A technical issue has taken voting machines out of commission throughout all of Mercer County, N.J., and they won't be back online by the time polls close — though officials say all votes will still be counted.

Voters are being asked to fill out paper ballots and drop them in an emergency slot in the back of voting machines. While some municipal clerks initially said those would be tabulated by hand, County Clerk Paula Sollami Covello clarified to Gothamist those would be processed by the county with high-volume optical scanners once polls close.

She said tabulating Election Day votes would take longer than normal — possibly finished late overnight, but more likely stretching into days. The county wouldn't need a court order to get access to the ballots, she said.

The county's Board of Elections has also decided not to try and get the machines repaired before polls close, to avoid having voters with two different experiences — some using the emergency slots, and some not.

The paper ballots are still standard ballots, not provisional ballots. They don't require any special verification before being counted.

But that could delay calling a winner in the3rd Congressional District, where incumbent Andy Kim is fighting a challenge from Republican Bob Healey. The Cook Political Report downgraded Kim's chances from "likely Democrat" to "lean Democrat" last week, though the incumbent still retains a large fundraising advantage. The district includes most of Burlington County and portions of Mercer and Monmouth counties.

Mercer also includes part of the 12th District, where incumbent Democrat Bonnie Watson Coleman is facing a challenge from Republican Darius Mayfield.

Via social media, both the state's Republican and Democratic committees reassured residents that their votes in Mercer would count. The state Republican committee said the ballots remain in the proper chain of custody, and the Democratic committee told voters their voices would be heard.

"On behalf of our NJGOP legal counsel and election integrity team, I want to make crystal clear to the voters of Mercer County that in spite of reported problems with scanners on voting machines in Mercer County, this issue does not affect their voting experience at all," Tom Szymanski, executive director of the state GOP, said in a statement. "Voters will still enter their polling place, cast their vote, and insert the paper ballot into the machine as they normally would.

The state Democratic Committee said on Twitter it had deployed resources from its voter protection team to Mercer, "to make sure the tabulation of the vote will go smoothly, so voters in Mercer County should feel 100% confident that their vote will be counted and should make sure to get to the polls before 8 p.m."

Henal Patel of the New Jersey Election Protection Coalition said the group was continuing to monitor the situation in Mercer County as well.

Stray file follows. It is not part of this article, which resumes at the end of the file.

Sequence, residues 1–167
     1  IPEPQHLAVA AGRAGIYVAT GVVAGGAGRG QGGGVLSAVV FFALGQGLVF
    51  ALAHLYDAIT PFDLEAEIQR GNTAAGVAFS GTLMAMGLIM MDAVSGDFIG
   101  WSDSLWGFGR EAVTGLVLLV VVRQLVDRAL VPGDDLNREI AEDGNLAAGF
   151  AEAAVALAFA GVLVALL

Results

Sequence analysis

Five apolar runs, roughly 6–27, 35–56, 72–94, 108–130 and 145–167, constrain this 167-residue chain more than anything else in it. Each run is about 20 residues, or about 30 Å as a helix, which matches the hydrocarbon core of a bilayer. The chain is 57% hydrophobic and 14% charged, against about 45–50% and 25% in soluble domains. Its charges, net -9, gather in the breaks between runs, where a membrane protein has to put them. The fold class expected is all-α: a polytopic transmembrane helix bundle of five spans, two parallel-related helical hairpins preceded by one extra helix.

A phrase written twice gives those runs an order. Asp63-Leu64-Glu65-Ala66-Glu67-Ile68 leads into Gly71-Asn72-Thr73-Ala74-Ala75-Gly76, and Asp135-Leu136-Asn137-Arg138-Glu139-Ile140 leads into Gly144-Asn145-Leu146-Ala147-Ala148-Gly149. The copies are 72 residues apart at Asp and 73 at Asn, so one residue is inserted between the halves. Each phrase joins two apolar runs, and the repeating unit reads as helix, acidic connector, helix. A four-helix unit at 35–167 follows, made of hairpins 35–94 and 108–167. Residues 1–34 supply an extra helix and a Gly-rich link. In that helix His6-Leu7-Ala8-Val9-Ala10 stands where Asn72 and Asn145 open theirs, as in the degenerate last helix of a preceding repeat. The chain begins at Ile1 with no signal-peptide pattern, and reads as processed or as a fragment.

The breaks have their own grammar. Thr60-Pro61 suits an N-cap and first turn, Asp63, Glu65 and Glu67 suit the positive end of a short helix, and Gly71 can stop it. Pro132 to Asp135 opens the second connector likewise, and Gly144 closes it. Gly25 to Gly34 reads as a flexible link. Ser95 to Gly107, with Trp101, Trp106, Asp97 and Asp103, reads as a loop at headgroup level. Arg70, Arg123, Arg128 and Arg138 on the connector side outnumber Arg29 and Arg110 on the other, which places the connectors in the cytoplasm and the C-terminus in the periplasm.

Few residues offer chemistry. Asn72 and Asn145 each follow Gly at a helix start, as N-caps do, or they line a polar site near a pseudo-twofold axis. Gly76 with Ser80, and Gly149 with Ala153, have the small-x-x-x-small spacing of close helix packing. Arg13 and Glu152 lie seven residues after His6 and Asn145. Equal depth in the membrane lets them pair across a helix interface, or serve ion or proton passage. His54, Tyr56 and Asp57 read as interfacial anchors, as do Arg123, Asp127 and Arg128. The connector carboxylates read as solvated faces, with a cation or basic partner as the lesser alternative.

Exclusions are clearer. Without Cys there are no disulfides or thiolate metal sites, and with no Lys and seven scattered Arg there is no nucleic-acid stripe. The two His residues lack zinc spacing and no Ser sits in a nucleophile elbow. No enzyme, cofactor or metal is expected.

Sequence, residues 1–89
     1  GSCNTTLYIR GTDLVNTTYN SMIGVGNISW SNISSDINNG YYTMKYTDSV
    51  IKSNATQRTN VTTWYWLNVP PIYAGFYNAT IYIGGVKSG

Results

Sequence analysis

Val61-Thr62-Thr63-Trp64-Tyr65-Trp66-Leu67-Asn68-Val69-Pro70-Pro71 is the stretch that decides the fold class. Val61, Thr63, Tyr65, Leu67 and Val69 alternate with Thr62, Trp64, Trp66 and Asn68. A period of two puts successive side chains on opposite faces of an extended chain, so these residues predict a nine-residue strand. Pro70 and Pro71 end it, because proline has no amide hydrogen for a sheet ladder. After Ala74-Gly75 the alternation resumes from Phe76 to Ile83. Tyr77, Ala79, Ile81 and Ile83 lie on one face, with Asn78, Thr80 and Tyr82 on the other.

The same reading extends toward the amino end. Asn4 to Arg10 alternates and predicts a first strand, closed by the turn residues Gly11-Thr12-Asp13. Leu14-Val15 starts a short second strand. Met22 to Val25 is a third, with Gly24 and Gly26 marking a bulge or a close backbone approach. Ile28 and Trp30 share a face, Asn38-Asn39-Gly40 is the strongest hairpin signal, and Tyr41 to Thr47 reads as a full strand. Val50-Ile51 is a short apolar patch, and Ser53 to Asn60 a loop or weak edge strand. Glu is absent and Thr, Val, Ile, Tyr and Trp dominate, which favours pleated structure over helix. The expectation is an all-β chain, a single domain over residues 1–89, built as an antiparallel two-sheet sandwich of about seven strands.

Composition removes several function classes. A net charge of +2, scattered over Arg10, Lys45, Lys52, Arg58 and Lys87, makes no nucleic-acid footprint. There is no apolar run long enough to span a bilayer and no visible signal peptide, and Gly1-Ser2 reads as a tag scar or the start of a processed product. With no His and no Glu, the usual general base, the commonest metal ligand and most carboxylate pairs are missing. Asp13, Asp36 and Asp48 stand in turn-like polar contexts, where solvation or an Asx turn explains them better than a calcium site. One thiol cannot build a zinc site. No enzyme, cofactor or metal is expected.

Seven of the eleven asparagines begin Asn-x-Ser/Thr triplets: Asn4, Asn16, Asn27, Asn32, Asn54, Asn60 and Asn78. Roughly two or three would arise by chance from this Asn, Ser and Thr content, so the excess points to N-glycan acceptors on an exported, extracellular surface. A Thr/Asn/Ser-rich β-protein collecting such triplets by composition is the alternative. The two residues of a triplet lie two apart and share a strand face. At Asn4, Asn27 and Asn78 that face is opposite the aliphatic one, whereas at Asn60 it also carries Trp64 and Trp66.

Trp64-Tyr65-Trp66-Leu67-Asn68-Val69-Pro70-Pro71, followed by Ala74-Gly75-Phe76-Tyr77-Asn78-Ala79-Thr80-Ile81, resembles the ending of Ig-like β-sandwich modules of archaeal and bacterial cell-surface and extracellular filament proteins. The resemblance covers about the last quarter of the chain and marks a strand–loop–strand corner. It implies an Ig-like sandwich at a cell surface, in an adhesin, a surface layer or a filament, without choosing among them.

"There is a system in place. We have guardrails. And you can vote by paper ballot," she said. "It will count, it is safe and secure, and you should not leave your polling place without voting."

Mail-in votes can be received up to six days after Election Day in New Jersey, which could also delay calling some tight races. Mail-in votes must be postmarked by Tuesday, or dropped off at dropboxes or polling sites by 8 p.m. Secure drop locations are listed here. Voters who requested and were sent mail-in ballots, but show up at the polls anyway will be given provisional ballots, to be counted once election officials confirm they didn’t also vote by mail.

A clerk at the county superintendent of elections' office referred Gothamist to a technician who was not authorized to speak to the press, but said it's unlikely the machines will be up and running today. Other calls to the superintendent's office, the county clerk's office and the county's board of elections haven't yet been returned.

Sollami Covello said it wasn’t yet exactly clear whether the issue had been with the machines or the printed ballots, and officials were continuing to investigate.

Mercer officials said via Facebook that poll workers were on hand to walk voters through the process, and the county Board of Elections was working with voting machine company Dominion to resolve the issue.

“No one will be disenfranchised and we are working on fixing the issue at present. It may delay results, but we will make sure everyone votes,” Sollami Covello said in an email to CNN. Calls to the clerk's office by Gothamist have not yet been returned.

At Hightstown Engine Company No. 1, the only polling place in the municipality, voters continued casting ballots despite the problems with machines, with little or no sign of difficulty on Tuesday.

The New Jersey Department of State voter hotline is 877-NJ-VOTER. The Election Protection Coalition has a statewide hotline to report any problems with voting at 866-OUR-VOTE.